Infinite Stars: The Definitive Anthology of Space Opera and Military SF

Any short story anthology that boasts itself as “definitive” leaves itself open for debate. But INFINITE STARS’ claim of being this kind of collection of space opera and military science fiction might be justified.

This is due, in large part, to editor Bryan Thomas Schmidt’s perceptive decision to include both new examples – many of which are additions to popular series – as well as previously published stories that shaped this kinds of science fiction over the years.

The 14 new stories includes “Renegat,” by Orson Scott Card, which introduces the protagonist of the Fleet School series – the latest spinoff of Card’s Elder series – in a sort of murder mystery in colonial outer space. “The Good Shepherd,” by William C. Dietz, adds a story to Dietz’s Legion of the Damned series, where a military trained cyborg is suddenly tasked with protecting the spoiled teenage daughter of a prominent governor. And in “The Last Day of Training” Dave Bara presents a prequel to his Lightship Chronicles series, where Peter Cochrane encounters a challenge he never expected during training for the voyage of the first faster-than-light space ship.

The 10 previously published stories, which reach as far back as Cordwainer Smith’s “The Game of Rat and Dragon” (1955), hold up amazingly well among the newer stories. Edmond Hamilton joins his wife Leigh Brackett in “Stark and The Star Kings” (first published in 2005), the final story of rootless warrior Eric John Stark, who is transported into the future to enlist the aid of the Star Kings in a battle against a sun-draining force destroying whole solar systems.

In “The Ship Who Sang” Anne McCaffrey (1961) introduces Helva, a being born in a shell, that becomes the “brainship” half of a space ship. (The story would later become the first chapter in the opening novel of McCaffrey’s Brainship series.) And Robert Silverberg’s “The Iron Star” (1987) presents the thought-provoking consequences of a corporate sponsored mining expedition orbiting a far-away neutron star that comes in contact with an alien craft.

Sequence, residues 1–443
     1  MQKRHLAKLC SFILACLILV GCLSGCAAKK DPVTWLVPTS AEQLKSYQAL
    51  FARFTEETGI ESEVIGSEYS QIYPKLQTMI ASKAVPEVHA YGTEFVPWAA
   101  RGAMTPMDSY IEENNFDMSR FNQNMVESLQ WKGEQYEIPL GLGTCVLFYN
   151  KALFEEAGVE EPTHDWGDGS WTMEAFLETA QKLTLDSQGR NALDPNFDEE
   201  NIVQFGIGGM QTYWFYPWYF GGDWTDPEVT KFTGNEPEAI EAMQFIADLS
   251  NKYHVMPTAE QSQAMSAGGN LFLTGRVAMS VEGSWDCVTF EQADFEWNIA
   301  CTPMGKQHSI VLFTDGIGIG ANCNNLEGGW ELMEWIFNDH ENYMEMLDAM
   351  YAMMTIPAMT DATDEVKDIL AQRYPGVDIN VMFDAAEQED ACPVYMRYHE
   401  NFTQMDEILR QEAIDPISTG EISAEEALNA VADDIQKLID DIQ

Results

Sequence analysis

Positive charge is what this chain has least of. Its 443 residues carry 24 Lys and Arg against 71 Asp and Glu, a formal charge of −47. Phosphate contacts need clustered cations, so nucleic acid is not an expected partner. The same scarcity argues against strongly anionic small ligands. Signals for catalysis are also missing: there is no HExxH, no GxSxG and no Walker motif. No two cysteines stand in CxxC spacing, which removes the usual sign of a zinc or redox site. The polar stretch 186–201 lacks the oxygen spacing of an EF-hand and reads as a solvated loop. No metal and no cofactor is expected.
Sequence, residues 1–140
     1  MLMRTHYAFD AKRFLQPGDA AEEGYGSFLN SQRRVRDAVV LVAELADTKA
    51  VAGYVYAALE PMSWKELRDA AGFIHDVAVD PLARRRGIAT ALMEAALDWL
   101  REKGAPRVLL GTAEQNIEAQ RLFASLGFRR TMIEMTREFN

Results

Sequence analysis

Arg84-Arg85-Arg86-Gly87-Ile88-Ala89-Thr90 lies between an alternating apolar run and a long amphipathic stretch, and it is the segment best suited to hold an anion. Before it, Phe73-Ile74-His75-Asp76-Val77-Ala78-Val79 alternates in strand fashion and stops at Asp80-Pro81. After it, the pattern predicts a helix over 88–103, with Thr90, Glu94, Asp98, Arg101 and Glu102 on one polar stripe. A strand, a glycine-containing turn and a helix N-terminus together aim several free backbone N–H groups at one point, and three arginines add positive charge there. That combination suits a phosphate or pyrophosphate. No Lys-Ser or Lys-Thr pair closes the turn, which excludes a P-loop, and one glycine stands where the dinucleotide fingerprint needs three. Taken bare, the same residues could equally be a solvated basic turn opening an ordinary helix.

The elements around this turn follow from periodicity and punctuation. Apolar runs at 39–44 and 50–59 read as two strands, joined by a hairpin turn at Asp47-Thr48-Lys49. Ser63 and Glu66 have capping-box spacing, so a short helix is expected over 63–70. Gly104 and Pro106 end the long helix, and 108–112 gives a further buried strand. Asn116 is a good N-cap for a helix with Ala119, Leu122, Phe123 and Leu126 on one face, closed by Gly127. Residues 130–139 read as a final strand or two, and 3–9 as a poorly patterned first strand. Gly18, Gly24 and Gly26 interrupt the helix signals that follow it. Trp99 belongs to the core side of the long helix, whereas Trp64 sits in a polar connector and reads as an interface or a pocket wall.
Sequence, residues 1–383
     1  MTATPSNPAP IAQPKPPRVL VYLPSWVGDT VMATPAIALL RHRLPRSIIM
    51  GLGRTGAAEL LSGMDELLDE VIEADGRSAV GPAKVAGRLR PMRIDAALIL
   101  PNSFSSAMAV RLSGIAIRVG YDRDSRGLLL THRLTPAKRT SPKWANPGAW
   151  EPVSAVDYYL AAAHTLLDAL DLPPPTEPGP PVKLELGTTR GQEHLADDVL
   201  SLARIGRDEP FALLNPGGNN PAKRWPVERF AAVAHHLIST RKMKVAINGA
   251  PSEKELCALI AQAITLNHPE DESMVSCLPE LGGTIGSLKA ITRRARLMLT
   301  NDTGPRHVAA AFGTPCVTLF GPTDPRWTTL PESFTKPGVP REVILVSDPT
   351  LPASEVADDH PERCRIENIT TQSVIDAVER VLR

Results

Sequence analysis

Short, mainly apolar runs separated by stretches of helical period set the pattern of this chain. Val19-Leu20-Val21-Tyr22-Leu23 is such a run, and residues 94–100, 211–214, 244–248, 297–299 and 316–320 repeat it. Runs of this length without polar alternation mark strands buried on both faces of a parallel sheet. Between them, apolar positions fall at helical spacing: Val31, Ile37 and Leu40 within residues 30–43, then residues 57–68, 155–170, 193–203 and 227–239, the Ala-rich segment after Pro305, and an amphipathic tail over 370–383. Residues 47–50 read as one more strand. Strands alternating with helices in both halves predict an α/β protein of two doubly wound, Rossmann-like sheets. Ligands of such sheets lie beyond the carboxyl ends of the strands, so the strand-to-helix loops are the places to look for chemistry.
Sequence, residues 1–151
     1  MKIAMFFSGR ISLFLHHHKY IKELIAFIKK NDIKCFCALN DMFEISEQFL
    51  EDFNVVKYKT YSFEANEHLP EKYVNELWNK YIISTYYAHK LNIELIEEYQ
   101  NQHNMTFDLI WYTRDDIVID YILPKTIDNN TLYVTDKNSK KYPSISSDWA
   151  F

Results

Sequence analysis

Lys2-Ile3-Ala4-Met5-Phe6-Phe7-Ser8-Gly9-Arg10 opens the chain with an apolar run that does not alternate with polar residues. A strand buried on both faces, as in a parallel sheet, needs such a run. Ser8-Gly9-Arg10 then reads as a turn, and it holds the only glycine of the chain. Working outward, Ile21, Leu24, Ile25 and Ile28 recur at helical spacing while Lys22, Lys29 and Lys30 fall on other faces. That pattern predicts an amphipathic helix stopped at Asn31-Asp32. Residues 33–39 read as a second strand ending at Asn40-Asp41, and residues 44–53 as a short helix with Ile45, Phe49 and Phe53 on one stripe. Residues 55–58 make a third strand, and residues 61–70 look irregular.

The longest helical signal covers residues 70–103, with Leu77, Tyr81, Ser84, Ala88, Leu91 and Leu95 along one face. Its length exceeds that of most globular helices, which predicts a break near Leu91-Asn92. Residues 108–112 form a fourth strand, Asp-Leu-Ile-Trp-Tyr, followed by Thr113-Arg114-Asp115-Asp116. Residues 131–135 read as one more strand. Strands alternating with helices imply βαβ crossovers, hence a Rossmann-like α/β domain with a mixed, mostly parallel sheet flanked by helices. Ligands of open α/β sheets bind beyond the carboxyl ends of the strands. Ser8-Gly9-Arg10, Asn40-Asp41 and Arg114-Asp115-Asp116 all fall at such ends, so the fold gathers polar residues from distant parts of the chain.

Silverberg also contributes the anthology’s introduction, which traces the roots of space opera to the formative years of science fiction and the evolution of this sub-genre to its position today as perhaps the most popular and prominent form of science fiction in print and other media. Along the way Silverberg includes both the earliest (and mostly pejorative) critical definitions of space opera as well as the more open-minded present-day descriptions.

The stories are not arranged by their publication dates. So you’ll find the older stories mixed in sequence with stories appearing for the first time. Each story leads off with a brief introduction by the Editor, and author biographies are included toward the end of the book.

But is INFINITE STARS truly a “definitive” anthology of such stories? Well, when you consider the effort Schmidt takes by including both new and formative examples, and refer both to the definitions in Silverberg’s introduction, it’s a hard assertion to argue.

Then again – why bother? Better to simply enjoy this stimulating and highly entertaining collection of stories by groundbreaking science fiction authors of the past and present. —Alan Cranis

Get it at Amazon.

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